Red string in Kabbalah.
Red string in Kabbalah.

According to the Kabbalah Centre, wearing a thin red string (as a type of talisman) is a custom, popularly thought to be associated with Judaism's Kabbalah, in order to ward off misfortune brought about by an "evil eye" (עין הרע in Hebrew). In Yiddish, the red string is called a roite bindele. The red string itself is usually made from thin red wool thread. It is worn, or tied, as a type of bracelet or "band" on the left wrist of the wearer (the receiving side).[8] The connection to traditional Judaism is disputed, and this is mostly worn by secular or non-Jewish spiritualist circles who often misunderstand the origins, or were sold manufactured versions within popular Israeli religious tourist attractions.[9]

Sikhism

Main article: The Five Ks

Sikh Articles of Faith
Sikh Articles of Faith

Baptized Khalsa Sikhs are mandated to wear the 5 Ks: Kesh (unshorn hair), strapped Kirpan (sword), Kachhehra (prescribed shorts), Kanga (Comb tucked in the tied up hair), Karha (Steel bracelet). He/she must not have on his/her person any token of any other faith. He/she must not have his/her head bare or be wearing a cap. He/she must not be wearing any ornaments piercing through any part of the body.[10]

Hair is seen as sacred. Hair cutting, trimming, removing, shaving, plucking, threading, dyeing, or any other alteration from any body part is strictly forbidden.[11]

In addition to this, every Sikh man is supposed to wear a turban, while it is optional for women.[12] Piercing of the nose or ears for wearing ornaments is forbidden for Sikh men and women.[13] It is not proper for a Sikh woman to wear veil or keep her face hidden by veil or cover.[14]

Interreligious

Main article: Peace Mala

A Peace Mala is a symbolic bracelet used to promote the message of the Golden Rule of mutual respect recognised by many spiritual paths. It consists of 16 beads, forming a double rainbow, which represent Christianity, Buddhism, Sikhism, Islam, Judaism, Baháʼí, ISKCON, Zoroastrianism, Tribal and Native Religions, Jainism, Earth Religions, Taoism, Hinduism and Yungdrung Bön, with the central white bead representing the wearer and whatever path they may follow.[8]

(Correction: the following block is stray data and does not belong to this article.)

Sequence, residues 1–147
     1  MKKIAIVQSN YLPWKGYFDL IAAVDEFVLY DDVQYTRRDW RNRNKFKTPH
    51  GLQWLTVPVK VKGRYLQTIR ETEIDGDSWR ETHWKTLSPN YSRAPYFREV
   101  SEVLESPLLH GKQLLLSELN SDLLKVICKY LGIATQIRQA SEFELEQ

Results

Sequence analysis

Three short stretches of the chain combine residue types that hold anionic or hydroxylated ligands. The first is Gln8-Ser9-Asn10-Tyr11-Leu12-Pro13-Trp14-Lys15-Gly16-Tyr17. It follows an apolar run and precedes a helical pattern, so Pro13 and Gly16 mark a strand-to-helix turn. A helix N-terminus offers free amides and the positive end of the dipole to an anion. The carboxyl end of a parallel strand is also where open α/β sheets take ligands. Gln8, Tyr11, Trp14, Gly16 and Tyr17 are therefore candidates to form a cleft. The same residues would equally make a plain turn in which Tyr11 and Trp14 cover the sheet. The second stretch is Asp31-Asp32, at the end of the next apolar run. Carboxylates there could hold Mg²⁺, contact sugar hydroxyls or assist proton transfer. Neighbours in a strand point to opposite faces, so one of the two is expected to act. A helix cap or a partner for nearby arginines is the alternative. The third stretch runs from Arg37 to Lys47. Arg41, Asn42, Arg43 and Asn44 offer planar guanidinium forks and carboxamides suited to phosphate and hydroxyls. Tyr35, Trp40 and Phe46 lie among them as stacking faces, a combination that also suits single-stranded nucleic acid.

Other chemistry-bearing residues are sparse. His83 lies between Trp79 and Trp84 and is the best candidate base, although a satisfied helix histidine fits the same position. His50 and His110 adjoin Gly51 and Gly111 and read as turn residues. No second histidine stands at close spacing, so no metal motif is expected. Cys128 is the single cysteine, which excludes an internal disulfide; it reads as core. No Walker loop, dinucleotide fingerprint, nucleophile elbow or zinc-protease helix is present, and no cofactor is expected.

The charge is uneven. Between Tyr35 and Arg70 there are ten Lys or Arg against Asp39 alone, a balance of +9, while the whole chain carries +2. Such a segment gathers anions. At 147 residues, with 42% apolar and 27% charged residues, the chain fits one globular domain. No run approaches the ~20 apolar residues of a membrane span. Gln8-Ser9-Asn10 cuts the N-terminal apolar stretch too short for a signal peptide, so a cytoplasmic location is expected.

In protest

During the George Floyd Protests of 2020, clergy and religious leaders of various faiths wore purple reflective vests as a symbol of their religious witness, sometimes in addition to other religious clothing.[15]

Gallery

See also

References

  1. ^ Kelley, Dani (2014). "My Headcovering Experiment". Premier. Retrieved 31 August 2018.
  2. ^ a b The Discipline of the Evangelical Wesleyan Church. Evangelical Wesleyan Church. 2015. pp. 41, 57–58.
  3. ^ LDS Church. "Clothing for Baptism". ChurchofJesusChrist.org. The Church of Jesus Christ of Latter-Day Saints. p. 20.3.6. Retrieved 12 October 2018.
  4. ^ "Church Changes Burial Guidelines for Deceased, Endowed Women". 29 January 2019.
  5. ^ Yomin D'min Alma (6 November 2011). "Probing the Earliest Origins of Tefillin". Toldot Yisrael.
  6. ^ "What Is A Kittel?". My Jewish Learning. 2010-11-24.
  7. ^ Elazar, Daniel. "Can Sephardic Judaism be Reconstructed?". JCPA. Jerusalem Center for Public Affairs. Retrieved 6 May 2019.
  8. ^ a b "Do you know your awareness bracelets?". BBC News Magazine. 2005-02-04. Retrieved 2008-04-28.
  9. ^ MJL Staff. "Red String Bracelets: What's the Jewish Significance?". My Jewish Learning. Retrieved 6 May 2019.
  10. ^ "Sikh Reht Maryada, the Definition of Sikh, Sikh Conduct & Conventions, Sikh Religion Living, India".
  11. ^ Sikh Rehat Maryada: Section Four, Chapter X, Article XVI, i.; Section Six, Chapter XIII, Article XXIV, p. 1. & q. 3.
  12. ^ "Sikh Reht Maryada, the Definition of Sikh, Sikh Conduct & Conventions, Sikh Religion Living, India".
  13. ^ Sikh Rehat Maryada: Section Four, Chapter X, Article XVI, k.
  14. ^ Sikh Rehat Maryada: Section Four, Chapter X, Article XVI, s.
  15. ^ Shimron, Yonat (23 July 2020). "In Portland, this rabbi leads the clergy resistance". Religious News Service. Religious News Service. Retrieved 5 October 2020.